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The August 1942 issue of "Luggage & Leather Goods" filled in details of new price restrictions for manufacturers and retailers. (page 46)

OPA and WPB Rulings

OPA Establishes Price Regulations for New Lines

Methods by which manufacturers can readily determine maximum prices for new lines of consumer goods (which includes luggage) are established in a new regulation announced July 30 by Price Administrator Leon Henderson.
Simultaneously, OPA issued a detailed question and answer bulletin interpreting various features of the new regulation in terms of actual cases.
Domestic Sales Affected
The new regulation—No. 188, Manufacturers' Maximum Prices for Specified Building Materials and Consumers' Goods (Other Than Apparel)—went into effect on August 1 as to all sales except those to United States Government agencies. The effective date for these latter sales is September 1. The regulation applies only to manufacturers in the continental United States.
Manufacturers must apply the new pricing methods to all new goods introduced since April 1, 1942, unless maximum prices for these goods were finally determined under the General Maximum Price Regulation. If new goods brought out since April 1 have been finally priced under the General Regulation and offered for sale before August 1, the prices so determined will stand and the new methods cannot be applied. These "final" prices, under today's order, must be reported to OPA by August 20.
Only the maximum prices chargeable by manufacturers for the articles listed in the Regulation are affected. In all other respects the provisions of the General Maximum Price Regulation (and all amendments and supplementary regulations thereto) are applicable and are incorporated into the new Regulation.
Regulation's Principal Effect
Principal effect of the new regulation is to translate section 3 (b) of the General Regulation, which requires manufacturers to apply to OPA for a pricing method on new merchandise, into definite methods "whereby manufacturers can price new goods themselves. Need for definite methods of this type has been particularly pressing, since many manufacturers have been compelled by war conditions to make major changes in materials and production methods. The resulting merchandise cannot be readily priced under the applicable sections of the General Regulation.
In pricing a new article, the manufacturer must apply the following standards: 1. If only minor changes are involved from an article already being sold, the producer must set a ceiling price for the new article which is the same as the maximum price .for the existing article. Minor changes are those which do not reduce the cost of materials or prevent the new article from offering fairly equivalent serviceability. Change in the shape of a chair seat, or in the handle of a household utensil are examples of "minor changes", providing that the cost of material is not lowered.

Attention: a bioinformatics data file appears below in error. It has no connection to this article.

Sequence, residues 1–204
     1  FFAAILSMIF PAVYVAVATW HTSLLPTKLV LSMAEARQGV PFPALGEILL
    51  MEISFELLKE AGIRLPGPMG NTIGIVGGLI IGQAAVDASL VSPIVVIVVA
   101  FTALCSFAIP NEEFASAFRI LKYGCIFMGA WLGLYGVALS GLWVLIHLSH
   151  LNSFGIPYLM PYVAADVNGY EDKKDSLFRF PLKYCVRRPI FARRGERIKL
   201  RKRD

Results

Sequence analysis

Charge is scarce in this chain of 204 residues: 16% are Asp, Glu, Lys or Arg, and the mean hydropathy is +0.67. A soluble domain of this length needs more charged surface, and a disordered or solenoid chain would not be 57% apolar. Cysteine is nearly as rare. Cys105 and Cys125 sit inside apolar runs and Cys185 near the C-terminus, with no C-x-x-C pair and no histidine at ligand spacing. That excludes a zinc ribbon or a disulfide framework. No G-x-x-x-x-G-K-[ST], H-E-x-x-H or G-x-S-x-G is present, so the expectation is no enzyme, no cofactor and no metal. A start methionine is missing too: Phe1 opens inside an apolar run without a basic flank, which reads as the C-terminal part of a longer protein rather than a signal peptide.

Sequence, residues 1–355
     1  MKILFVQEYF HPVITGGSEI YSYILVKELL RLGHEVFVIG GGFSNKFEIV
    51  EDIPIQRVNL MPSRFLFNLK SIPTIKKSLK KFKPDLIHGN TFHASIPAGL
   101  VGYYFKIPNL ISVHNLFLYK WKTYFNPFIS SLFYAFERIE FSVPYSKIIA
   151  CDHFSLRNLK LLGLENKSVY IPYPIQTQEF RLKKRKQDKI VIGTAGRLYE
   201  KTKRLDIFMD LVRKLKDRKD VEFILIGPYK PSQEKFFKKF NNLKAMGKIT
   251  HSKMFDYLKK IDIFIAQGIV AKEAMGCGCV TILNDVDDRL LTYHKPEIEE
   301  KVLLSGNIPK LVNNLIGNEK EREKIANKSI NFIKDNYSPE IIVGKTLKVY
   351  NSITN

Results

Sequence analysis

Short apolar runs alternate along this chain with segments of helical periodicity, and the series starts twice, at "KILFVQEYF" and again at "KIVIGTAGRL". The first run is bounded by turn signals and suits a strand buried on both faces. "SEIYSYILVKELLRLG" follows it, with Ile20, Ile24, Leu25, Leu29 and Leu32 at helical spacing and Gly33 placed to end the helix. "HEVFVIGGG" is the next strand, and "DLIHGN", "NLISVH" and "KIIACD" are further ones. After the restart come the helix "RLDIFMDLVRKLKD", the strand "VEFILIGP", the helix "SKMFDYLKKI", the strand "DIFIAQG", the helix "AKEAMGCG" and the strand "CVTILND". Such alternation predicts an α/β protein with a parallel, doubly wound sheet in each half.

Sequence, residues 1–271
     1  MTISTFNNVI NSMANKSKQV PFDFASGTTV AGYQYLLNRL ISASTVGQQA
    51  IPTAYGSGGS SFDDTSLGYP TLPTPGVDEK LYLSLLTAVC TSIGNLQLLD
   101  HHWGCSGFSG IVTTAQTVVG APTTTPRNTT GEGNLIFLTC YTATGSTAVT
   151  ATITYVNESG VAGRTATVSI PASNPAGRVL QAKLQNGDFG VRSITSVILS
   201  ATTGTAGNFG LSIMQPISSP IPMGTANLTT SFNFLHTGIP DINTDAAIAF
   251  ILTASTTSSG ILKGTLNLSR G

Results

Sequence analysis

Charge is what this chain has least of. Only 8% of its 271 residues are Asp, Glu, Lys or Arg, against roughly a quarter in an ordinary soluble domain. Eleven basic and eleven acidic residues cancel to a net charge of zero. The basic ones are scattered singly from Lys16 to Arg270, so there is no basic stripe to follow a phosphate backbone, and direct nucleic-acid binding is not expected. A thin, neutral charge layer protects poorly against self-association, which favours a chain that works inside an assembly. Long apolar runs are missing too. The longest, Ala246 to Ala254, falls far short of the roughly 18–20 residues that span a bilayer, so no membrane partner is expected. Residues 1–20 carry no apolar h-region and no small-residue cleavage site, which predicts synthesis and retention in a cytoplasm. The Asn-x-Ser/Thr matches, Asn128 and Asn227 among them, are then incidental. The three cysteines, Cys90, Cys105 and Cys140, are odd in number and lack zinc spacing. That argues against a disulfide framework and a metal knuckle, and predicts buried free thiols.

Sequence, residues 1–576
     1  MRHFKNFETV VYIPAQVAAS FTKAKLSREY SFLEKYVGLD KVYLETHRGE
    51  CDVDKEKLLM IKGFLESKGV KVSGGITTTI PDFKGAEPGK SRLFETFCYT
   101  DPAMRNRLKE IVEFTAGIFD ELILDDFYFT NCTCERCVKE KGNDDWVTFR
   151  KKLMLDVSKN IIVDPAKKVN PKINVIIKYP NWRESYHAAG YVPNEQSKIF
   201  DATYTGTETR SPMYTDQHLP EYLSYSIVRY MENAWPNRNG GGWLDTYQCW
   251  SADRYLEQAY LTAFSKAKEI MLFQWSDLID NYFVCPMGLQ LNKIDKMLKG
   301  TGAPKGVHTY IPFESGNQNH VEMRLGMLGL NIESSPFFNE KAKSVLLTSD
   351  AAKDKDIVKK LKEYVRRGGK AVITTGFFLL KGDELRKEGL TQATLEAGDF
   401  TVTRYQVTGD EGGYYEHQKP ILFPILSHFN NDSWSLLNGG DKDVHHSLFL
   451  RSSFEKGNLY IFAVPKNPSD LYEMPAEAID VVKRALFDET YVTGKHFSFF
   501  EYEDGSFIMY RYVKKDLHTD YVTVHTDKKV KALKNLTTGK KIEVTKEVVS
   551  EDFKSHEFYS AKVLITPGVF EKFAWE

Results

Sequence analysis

Material Shortages Considered
2. If the new article results from substantial changes compelled by shortages of material or parts used in the original article, the manufacturer must use as his maximum price the ceiling price for the original article, plus or minus any increase or decrease in the direct unit cost of production resulting from the change.
3. If the new article cannot be priced under (2) above, the manufacturer must use the following formula:
(a) He determines the direct cost per unit of the new item, using March labor rates and March costs of materials unless OPA has rolled back the material price in which event he uses the lower price.
(b) Selects from his line of comparable articles already having maximum prices, one which has a March direct cost immediately higher and one which has a direct cost immediately lower.
(c) He then averages the mark-ups (margin by which his maximum selling price exceeds his direct cost) for the two comparable articles both in dollars and cents and in percentage.
(d) Whichever of these average markups yields the lower price is then applied to the direct cost of the new article and the resulting price is the maximum price.
In applying this formula, the manufacturer is directed to determine the class of purchaser to whom he expects to sell the largest volume of the new article being priced. In figuring his percentage and dollar mark-ups on the articles used for comparison, he must use the maximum prices he charges the class of purchaser to whom he expects to sell the largest volume of the new product.

Categories: 1942

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